should could mean "moral necessity"; doesn't mean you have to present a plan or assume that it gets passed.
that's a general meaning, sure, but this is specific to what most people would consider a policy resolution, usually with a plan, so...
Consequentialist meaning the end justifying the means - pre-conseq is looking not at the end but at the means justified. The K is consequentialist insofar as we say that the ethics are bad and the alt solves, but pre-conseq when compared to the case.
lol i know what consequentialism is, and that made no sense.
if you're looking at the means, then it's not "pre-consequentialist," it's deontological ethics, which is the opposite of consequentialist ethics.
But I'm not looking at how it relates to a truth, I'm looking at how it impacts the real world. I agree with your earlier statement that with the argument we're prioritizing impacts - that's why I called it pre-conseq and not conseq or deont (and it's not just me; I grabbed a lot of this including that term from the round I mentioned in the OP).
then you say the K is consequentialist and not consequentialist. (in your terms, consequentialist and "pre-conseq")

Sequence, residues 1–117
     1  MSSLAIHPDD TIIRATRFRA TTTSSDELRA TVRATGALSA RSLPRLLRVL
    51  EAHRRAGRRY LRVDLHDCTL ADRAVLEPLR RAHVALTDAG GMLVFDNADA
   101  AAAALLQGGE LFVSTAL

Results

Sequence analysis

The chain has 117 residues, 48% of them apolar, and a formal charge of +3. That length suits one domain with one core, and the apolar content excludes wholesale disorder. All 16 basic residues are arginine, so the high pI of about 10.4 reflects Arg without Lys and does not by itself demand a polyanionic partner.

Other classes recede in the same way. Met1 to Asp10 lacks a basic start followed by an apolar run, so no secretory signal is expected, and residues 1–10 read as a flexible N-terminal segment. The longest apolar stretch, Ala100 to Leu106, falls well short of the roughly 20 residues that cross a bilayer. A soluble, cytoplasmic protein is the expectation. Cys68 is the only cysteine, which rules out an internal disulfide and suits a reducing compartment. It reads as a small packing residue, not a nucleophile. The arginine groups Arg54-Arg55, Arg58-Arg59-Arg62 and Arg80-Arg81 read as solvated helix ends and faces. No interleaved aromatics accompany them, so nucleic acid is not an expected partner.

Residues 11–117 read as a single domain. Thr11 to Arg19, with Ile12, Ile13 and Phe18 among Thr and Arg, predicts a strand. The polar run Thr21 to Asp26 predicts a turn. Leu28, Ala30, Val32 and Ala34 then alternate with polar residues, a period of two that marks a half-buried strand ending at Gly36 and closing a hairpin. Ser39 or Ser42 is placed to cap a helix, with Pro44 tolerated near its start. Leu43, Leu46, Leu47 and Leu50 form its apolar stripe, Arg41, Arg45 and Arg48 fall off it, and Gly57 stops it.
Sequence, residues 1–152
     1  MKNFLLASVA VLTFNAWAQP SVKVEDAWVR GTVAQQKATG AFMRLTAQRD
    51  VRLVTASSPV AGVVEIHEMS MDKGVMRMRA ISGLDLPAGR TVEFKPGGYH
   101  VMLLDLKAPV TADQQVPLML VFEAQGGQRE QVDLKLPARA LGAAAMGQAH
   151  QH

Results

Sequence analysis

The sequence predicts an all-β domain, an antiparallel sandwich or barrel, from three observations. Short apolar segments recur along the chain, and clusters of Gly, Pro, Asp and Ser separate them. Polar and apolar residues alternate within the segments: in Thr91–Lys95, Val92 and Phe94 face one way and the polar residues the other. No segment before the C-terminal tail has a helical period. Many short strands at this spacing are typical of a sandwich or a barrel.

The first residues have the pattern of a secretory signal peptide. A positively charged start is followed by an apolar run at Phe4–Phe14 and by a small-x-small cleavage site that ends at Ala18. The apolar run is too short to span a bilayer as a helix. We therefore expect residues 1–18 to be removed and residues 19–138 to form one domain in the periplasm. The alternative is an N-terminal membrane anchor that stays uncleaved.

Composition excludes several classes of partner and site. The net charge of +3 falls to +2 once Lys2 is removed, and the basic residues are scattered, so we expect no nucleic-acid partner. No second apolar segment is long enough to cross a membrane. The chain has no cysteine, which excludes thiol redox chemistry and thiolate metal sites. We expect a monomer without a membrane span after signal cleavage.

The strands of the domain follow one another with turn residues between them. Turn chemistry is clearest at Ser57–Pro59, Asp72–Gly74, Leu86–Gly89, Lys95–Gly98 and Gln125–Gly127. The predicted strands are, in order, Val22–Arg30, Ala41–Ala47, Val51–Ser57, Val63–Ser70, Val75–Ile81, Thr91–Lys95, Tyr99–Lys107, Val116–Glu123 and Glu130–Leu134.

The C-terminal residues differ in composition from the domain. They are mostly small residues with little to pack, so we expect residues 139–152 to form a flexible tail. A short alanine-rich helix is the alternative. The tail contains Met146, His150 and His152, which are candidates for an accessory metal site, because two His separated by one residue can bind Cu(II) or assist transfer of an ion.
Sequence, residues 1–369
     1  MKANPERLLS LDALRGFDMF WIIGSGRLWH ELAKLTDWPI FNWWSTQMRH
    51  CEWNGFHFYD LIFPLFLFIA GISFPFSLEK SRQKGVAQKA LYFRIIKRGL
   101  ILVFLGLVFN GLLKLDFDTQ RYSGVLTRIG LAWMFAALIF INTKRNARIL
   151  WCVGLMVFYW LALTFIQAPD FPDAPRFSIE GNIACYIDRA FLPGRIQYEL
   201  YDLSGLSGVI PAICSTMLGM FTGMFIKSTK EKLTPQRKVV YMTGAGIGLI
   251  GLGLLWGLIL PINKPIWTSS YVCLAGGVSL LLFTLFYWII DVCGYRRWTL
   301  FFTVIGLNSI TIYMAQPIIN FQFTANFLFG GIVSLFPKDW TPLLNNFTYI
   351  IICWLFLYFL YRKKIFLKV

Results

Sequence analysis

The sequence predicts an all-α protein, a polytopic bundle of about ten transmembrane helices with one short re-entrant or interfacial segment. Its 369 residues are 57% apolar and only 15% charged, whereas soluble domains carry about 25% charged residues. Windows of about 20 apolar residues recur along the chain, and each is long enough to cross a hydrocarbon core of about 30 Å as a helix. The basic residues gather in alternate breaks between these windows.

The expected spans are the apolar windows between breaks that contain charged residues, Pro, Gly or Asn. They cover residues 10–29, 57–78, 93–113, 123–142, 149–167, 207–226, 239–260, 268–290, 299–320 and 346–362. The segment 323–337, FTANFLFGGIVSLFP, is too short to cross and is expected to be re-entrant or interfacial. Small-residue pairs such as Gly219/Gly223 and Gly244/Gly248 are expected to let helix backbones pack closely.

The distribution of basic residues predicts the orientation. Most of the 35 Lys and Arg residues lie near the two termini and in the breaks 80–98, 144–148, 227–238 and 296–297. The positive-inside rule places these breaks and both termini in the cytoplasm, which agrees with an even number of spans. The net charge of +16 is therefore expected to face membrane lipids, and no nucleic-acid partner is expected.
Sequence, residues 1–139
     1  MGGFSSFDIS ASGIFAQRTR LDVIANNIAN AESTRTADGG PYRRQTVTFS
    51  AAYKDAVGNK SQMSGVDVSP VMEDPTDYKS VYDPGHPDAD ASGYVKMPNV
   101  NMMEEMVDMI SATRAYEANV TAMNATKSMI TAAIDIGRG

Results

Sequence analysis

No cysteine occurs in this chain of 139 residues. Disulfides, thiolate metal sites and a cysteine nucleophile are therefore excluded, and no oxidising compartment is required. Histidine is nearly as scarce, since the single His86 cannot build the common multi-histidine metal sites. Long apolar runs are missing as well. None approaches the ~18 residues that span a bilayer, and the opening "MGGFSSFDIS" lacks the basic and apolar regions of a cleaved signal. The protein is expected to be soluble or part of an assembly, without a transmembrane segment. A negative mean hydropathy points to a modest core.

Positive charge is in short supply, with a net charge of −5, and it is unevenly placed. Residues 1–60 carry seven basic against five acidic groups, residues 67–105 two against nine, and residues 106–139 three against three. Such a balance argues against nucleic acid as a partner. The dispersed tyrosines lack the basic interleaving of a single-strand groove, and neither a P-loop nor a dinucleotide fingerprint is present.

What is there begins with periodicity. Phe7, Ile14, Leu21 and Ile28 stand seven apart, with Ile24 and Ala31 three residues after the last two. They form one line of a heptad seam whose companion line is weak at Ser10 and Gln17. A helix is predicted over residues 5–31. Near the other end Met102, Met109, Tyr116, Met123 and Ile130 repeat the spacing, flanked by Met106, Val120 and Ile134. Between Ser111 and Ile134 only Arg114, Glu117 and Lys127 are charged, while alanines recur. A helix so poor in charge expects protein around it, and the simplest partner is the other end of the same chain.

then you say that something can be consequentialist, but non consequentialist when compared relative to something else.
none of which makes sense.
I was expounding in a different way upon what you said about prioritizing impacts.
Relative to the debate world of hypothetical argumentation, it's pre-conseq, because it's looking at the k impacts before we evaluate the implications of the plan. Another reason why I say "pre" and not deont. pre- implies (means) before, and we're looking at the k before the case, so.
just take out "pre-consequentialist," which has zero literature backing it and has a total of four results on google, one of which is your posts on another debate forum about this very same framework
Upon first reading/hearing it, what did it strike you as?